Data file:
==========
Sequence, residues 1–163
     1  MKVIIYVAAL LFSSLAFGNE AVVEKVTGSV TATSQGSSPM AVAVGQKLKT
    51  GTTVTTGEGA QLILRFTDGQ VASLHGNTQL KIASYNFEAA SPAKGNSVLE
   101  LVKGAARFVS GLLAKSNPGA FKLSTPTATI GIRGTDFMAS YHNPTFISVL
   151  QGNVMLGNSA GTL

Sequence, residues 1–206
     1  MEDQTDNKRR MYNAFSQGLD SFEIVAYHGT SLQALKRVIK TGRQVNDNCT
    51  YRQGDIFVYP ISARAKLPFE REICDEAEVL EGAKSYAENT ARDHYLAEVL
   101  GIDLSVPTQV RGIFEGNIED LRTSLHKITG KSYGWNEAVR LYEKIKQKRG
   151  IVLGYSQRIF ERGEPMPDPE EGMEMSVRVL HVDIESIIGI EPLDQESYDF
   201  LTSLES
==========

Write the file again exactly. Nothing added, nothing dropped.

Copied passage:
Sequence, residues 1–163
     1  MKVIIYVAAL LFSSLAFGNE AVVEKVTGSV TATSQGSSPM AVAVGQKLKT
    51  GTTVTTGEGA QLILRFTDGQ VASLHGNTQL KIASYNFEAA SPAKGNSVLE
   101  LVKGAARFVS GLLAKSNPGA FKLSTPTATI GIRGTDFMAS YHNPTFISVL
   151  QGNVMLGNSA GTL

Sequence, residues 1–206
     1  MEDQTDNKRR MYNAFSQGLD SFEIVAYHGT SLQALKRVIK TGRQVNDNCT
    51  YRQGDIFVYP ISARAKLPFE REICDEAEVL EGAKSYAENT ARDHYLAEVL
   101  GIDLSVPTQV RGIFEGNIED LRTSLHKITG KSYGWNEAVR LYEKIKQKRG
   151  IVLGYSQRIF ERGEPMPDPE EGMEMSVRVL HVDIESIIGI EPLDQESYDF
   201  LTSLES